Neither of these terms applies. This is a distinctive type of worship developed in the ecumenical monastic community of Taizé, in Burgundy, France. It was described in the leaflet as: "Gathered in the presence of Christ, we sing uncomplicated, repetitive songs, uncluttered by too many words..." We began by singing three short refrains which we repeated over and over again. Next, we sang Psalm 27 (with a Latin refrain) as three young children assisted in lighting the congregation's candles. In the cosmopolitan spirit of the Taizé community, at various times in the service we sang in English, Latin, Greek and Spanish. Then a lector read a lesson from Luke (Jesus telling his disciples that he must suffer many things), first in English, then in (I think) Polish. Two more Taizé songs were sung, during which the congregation was invited to come forward and place their candles in the clay pots mentioned above. Then followed the "great silence" – fully 10 minutes of silence, "to listen to the voice of God deep within..." Intercessions in litany form followed, culminating in the Lord's Prayer and a collect. The service concluded with "Prayer Around the Cross." The wooden cross which had been set up in front of the altar was laid horizontally on two stools; as we sang four more songs (including one from the Iona community in Scotland), members of the congregation were invited to come forward and kneel in prayer while kissing, touching, and pressing their foreheads against the cross.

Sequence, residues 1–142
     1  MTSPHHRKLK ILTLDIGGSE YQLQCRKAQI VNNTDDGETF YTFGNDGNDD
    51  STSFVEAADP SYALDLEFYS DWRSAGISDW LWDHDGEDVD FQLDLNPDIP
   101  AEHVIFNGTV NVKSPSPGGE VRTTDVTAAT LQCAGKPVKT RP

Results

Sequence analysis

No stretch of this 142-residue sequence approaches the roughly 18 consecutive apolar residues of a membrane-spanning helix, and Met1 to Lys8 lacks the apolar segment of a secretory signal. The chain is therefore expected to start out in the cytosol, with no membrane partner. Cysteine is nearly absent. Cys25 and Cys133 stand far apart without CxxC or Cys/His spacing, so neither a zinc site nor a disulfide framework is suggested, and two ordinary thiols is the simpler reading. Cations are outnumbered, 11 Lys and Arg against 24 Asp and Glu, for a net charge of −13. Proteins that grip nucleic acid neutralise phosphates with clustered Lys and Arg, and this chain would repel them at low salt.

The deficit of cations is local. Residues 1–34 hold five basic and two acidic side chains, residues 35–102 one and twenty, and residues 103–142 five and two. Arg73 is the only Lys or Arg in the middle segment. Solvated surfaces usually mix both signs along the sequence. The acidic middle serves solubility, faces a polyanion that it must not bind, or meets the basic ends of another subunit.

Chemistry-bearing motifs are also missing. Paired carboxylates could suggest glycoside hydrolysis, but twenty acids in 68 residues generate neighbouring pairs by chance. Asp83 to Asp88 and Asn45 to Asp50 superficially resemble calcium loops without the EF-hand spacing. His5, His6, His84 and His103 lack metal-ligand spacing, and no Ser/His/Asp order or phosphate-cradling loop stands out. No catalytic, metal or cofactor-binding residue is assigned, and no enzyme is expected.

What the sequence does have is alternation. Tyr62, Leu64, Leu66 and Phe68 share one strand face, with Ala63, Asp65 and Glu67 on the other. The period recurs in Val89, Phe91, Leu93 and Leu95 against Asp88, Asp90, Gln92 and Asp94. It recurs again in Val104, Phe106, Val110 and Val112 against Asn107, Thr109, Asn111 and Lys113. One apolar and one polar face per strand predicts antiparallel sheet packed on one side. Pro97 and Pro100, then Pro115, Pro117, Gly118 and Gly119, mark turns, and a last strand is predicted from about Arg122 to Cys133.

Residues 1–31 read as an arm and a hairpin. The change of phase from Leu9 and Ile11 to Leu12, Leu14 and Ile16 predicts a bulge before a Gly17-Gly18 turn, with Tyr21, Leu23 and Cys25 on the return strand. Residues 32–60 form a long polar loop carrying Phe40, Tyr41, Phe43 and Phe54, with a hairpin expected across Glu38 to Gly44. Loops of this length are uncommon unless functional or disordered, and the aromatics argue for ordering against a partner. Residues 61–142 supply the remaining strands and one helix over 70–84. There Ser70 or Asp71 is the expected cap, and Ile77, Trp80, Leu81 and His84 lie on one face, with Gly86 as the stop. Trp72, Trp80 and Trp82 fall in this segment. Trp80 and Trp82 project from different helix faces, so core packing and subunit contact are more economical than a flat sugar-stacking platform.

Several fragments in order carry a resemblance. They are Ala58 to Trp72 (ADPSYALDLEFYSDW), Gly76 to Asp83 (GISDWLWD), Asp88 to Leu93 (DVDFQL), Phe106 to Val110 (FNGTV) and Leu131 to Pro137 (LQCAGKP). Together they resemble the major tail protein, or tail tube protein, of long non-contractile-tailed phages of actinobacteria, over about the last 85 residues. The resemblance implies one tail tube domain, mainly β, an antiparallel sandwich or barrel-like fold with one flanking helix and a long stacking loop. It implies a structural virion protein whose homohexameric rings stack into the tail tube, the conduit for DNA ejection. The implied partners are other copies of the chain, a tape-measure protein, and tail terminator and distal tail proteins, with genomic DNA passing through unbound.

Exactly how long was the sermon?
There was none; remember, this is worship "uncluttered by too many words."